Kansas governor vetoes 4 anti-trans bills
Topeka, Kansas –
The Democratic governor of Kansas on Thursday vetoed a comprehensive package of measures to combat transgender people, including a ban on gender-affirming care for children and teenagers, but the Republican lawmakers who pushed them said she appeared to have votes to overrule most of the actions of
Governor Laura Kelly has rejected restrictions on transgender people’s use of restrooms, changing rooms and other public facilities. State and County Jail Placement Limits. Even a transgender youth is restricted from staying overnight on her school trip.
Her actions underscored how her Republican-leaning state has become a hotly contested contest as Republican lawmakers across the country target LGBTQ+ rights through hundreds of proposals. Kerry won her re-election by a narrow margin in November, but Congress has an overwhelming Republican majority and conservative leaders who make the rollback of transgender rights a priority.
A bill on toilets, prisons and night school trips passed earlier this month, requiring a two-thirds vote to overturn a veto, and on April 5, lawmakers overturned Kelly’s March veto, Separately banned female transgender athletes in girls’ and women’s sports. But two days after her, the gender-affirming care bill fell short of her overwhelming majority in the House by 12 votes.
In a statement on the four vetoes, Kelly said any “disenfranchising” action would undermine the state’s ability to attract business. Her veto was also in line with her promise to block any measures she deems discriminatory against LGBTQ+ people.
“The company has made it clear that it is not interested in doing business with states that discriminate against workers and their families,” Kelly said in a statement. “I’m focused on the economy. Can anyone join me?”
At least 14 states with Republican-led legislatures have enacted laws banning gender-affirming care for minors, including North Dakota as of Wednesday. At least seven countries have toilet laws, mostly aimed at schools, and at least 21 impose restrictions on transgender athletes.
The Kansas toilet bill would have applied not only to toilets and changing rooms outside schools, but also to rape crisis centers, domestic violence shelters, state prisons, and county jails covered by another denial bill. It also sought to define “gender” as “male or female at birth,” so transgender people would not have been able to change the gender marker on their driver’s license, although a 2019 federal court order still allowed. I should have. Change your birth certificate.
LGBTQ+ rights advocates view the action as legally killing transgender people and denying recognition to nonbinary, gender fluid, or gender nonconforming people.
Justin Brace, executive director of Transgender Kansas, said at a recent trans rights rally outside the state capitol, “I’m not going back to the days of hiding in the closet.” We are fighting for our lives.”
Republican conservatives argue that many of their members reject a cultural change that accepts that people’s gender identity may differ from the gender they were assigned at birth. I don’t want cisgender women sharing bathrooms or locker rooms with transgender women. It also calls into question gender-affirming care such as drugs that block puberty, hormone therapy, and surgery.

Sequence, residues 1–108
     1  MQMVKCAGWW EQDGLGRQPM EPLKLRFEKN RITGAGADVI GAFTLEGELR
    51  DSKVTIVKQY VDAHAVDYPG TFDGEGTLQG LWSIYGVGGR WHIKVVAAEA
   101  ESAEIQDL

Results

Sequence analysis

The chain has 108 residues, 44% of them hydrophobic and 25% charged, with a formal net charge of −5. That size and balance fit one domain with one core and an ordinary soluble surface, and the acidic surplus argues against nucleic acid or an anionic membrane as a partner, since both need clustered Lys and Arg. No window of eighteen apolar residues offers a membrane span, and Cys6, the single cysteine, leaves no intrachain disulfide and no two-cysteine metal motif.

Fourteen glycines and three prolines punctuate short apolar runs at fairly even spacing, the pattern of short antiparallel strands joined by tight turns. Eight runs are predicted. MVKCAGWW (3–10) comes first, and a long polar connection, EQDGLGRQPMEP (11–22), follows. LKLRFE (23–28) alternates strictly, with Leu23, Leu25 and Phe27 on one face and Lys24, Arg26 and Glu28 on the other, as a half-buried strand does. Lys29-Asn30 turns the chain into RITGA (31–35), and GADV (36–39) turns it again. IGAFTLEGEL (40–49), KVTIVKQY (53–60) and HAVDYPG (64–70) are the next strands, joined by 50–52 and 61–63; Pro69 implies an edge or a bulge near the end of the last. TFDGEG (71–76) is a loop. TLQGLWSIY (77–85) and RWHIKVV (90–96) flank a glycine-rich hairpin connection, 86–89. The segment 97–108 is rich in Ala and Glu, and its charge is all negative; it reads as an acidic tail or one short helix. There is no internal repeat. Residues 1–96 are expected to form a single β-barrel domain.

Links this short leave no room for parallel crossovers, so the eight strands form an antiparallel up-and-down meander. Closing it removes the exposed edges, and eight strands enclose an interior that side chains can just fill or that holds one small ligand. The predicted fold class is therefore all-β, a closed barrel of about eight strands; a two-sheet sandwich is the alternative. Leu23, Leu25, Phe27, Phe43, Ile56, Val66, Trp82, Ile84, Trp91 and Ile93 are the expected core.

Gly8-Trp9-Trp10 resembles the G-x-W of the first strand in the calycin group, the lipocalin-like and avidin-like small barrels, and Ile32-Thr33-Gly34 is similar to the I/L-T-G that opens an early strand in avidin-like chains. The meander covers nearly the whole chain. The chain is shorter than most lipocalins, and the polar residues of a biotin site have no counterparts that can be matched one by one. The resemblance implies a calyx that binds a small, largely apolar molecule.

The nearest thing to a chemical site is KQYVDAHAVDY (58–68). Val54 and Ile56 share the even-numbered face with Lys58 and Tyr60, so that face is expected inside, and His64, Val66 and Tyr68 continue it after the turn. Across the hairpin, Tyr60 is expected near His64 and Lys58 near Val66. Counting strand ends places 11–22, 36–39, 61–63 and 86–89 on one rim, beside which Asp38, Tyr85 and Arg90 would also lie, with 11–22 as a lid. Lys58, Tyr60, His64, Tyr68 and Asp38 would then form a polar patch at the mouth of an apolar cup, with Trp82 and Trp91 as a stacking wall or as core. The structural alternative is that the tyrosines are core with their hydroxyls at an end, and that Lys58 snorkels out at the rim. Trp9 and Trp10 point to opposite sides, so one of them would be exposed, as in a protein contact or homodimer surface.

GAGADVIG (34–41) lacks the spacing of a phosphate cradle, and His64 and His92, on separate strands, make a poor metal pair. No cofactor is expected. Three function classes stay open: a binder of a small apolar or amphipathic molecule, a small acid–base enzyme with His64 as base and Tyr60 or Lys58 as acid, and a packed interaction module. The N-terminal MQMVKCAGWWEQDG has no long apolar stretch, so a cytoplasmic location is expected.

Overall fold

In a statement, Kansas Senate Speaker Ty Masterson criticized Kelly’s refusal to ban gender-affirming care, saying, “Governing from the middle of the road doesn’t help vulnerable children. It should include ensuring that we do not become victims of an awakened cultural runaway.”
Kansas’s action requires the state’s medical board to revoke the licenses of physicians found to have provided such treatment, and to allow people who received such treatment as children to later receive medical care. allowed to sue the person.
Supporters said the bill would not prevent transgender youth from seeking counseling or psychotherapy. However, this measure also applied to acts that “affirmed the child’s perception of the child’s gender” and “caused” if it differed from the gender assigned at birth.
Treatments for children and teenagers have been available in the United States for over a decade and are approved by major medical associations.
“It’s one thing to have a family that doesn’t affirm who you are as a person,” says Gender and Family at the Ackerman Institute in New York to work with transgender youth and train child and family therapists. said Derrick Jordan, a licensed therapist who directs the project for . That is.”
Kelly’s office said the Kansas toilet bill would complicate the administration of programs in multiple states — including programs that help women farmers and hunters. state anti-discrimination laws and could lose federal money.
The measure borrows words from proposals from several anti-trans groups. It states that “important government objectives” of protecting health security and privacy justify gender-segregated public facilities, and that the measure promotes gender segregation “for biology, safety or privacy.” states that it would have been applied in some cases. Males and females are defined based on their reproductive anatomy at birth.
Proponents of the law avoid calling it a bathroom bill, but have repeatedly said it would prevent transgender women from sharing bathrooms, changing rooms and other facilities with cisgender women. It’s here.
Masterson described Kelly’s veto as “a woman cannot be defined”. , which is at odds with doctors who argue that a dualistic view of gender identity can miss biological nuances.